Running against all odds

By Rob Howard

The finish line was a dusty field where a log pile had been moved to allow the runners a clear access, the yaks had been chased off, and the home made banner flapping in the breeze said ‘Everest Marathon – Ending Point’. Yet those who ran towards it down the stone staircase on the narrow, crowded streets of the Sherpa town of Namche Bazaar didn’t care. They were nearing the end of an epic journey of endurance, and as they crossed the line a traditional silk greeting scarf and a very rare race medal were hung round their necks.

Their journey to the start line, close to Everest Base Camp at 17,000 feet, had begun almost 3 weeks before, and the only way to get there was a trek which was as much of a test as the race itself. In fact, getting to the start line in a fit condition was the principal aim of most.

runner1In 3 groups, supported by nearly 200 porters, cooks and Sherpa guides, they progressed through the foothills in daily stages, camping out, enjoying the scenery, bathing in the freezing mountain streams and coming to terms with an alien culture. Most found the heat and steep hills so tiring there was no thought of training runs, and there were dangers too. In drought conditions one group watched the hillside across the river from their camp go up in flames, while Sue Exon was bitten by a dog and evacuated by helicopter for precautionary rabies treatment. (Fortunately, she managed to get another flight back to rejoin the group.)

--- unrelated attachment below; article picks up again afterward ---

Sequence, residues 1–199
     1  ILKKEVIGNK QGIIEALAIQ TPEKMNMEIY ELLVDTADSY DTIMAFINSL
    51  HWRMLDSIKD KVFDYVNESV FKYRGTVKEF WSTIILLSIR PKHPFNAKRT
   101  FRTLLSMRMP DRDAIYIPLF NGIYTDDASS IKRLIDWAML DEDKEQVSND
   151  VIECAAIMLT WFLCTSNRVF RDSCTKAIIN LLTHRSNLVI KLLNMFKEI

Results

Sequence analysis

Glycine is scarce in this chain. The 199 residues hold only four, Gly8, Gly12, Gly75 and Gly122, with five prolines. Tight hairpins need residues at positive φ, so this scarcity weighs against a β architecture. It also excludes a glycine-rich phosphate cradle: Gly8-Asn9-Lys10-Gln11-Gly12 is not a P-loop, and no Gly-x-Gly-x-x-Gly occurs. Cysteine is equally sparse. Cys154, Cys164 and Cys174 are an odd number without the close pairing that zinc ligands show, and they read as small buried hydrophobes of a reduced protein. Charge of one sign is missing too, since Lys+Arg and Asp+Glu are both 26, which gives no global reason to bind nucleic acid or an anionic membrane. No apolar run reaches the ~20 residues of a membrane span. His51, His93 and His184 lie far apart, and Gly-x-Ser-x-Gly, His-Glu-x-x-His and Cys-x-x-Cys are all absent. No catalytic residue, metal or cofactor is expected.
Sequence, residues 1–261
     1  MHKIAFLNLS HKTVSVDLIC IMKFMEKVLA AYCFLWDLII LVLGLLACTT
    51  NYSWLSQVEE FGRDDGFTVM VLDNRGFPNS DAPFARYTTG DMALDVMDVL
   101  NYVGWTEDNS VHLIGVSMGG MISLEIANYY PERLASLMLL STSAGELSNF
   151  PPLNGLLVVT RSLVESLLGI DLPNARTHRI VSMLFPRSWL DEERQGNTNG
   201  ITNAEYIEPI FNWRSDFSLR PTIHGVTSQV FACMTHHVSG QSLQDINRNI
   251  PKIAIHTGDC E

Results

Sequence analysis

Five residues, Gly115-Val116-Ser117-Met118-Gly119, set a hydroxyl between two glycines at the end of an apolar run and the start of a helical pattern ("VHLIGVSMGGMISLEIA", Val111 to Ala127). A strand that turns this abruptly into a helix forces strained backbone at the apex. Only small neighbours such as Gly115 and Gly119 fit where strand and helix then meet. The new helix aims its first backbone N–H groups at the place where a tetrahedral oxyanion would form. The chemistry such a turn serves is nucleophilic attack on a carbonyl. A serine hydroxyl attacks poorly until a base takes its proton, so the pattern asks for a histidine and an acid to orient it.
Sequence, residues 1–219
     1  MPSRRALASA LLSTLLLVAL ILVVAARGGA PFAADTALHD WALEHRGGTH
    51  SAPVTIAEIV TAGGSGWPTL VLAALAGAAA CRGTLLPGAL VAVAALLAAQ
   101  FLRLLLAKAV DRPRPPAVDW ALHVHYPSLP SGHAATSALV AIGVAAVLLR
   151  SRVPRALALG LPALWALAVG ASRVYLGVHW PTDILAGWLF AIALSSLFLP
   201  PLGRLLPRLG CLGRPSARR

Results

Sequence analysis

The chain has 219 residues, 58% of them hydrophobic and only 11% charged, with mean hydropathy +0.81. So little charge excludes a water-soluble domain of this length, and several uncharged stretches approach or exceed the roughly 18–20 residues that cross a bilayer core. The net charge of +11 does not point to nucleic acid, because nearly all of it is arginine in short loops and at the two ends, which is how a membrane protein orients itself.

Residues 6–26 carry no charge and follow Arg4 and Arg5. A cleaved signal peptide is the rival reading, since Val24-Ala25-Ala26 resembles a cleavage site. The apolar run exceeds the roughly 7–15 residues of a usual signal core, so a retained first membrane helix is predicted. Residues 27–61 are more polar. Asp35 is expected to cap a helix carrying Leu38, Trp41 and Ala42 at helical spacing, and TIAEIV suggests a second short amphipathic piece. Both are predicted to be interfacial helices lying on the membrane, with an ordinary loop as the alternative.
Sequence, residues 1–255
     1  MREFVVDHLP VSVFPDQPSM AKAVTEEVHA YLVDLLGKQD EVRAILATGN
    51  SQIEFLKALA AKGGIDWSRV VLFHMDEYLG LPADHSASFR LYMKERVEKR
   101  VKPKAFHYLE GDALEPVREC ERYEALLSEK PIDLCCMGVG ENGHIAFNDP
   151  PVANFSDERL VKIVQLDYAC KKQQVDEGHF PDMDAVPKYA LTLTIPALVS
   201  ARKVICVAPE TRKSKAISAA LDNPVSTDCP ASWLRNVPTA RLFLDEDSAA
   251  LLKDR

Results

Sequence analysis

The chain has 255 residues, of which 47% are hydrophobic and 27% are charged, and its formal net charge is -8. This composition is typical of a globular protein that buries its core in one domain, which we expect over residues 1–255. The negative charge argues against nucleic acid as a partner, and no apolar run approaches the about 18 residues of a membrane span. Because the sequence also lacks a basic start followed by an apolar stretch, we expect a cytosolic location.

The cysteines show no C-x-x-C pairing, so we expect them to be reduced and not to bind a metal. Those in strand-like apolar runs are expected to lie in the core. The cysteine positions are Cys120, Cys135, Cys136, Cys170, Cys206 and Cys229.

The main risk however, was the dreaded D&V (diarrhoea and vomiting) and the 10 strong medical team were kept busy fighting the local bugs and their effects. There were no rest days, so after a night of being violently ill there was no option but to grit your teeth and stagger over the hills. At home you would have been in bed. Most runners suffered at some time, some for several days, but at any one time the vast majority were healthy and enjoying the scenery, the cheerful company of the Nepalese people or visits to the brightly painted Buddhist monasteries. There were no phones to answer, nowhere to drive, no distractions and plenty of time to relax.

After 10 days everyone arrived at Namche Bazaar, where the race finishes. From here they would spend another 6 days trekking very slowly up the course. On the seventh day they would race back down. The reason for the slow progression was the risk of altitude sickness which can strike anyone and can be fatal. This was the wild card in the pack, as medical science is still unsure of the cause and there is no predicting who it will strike. The fittest, best prepared athlete could get headaches, dizziness and nausea and be sent back down. Everyone feared it might happen to them and they might never even reach the start line.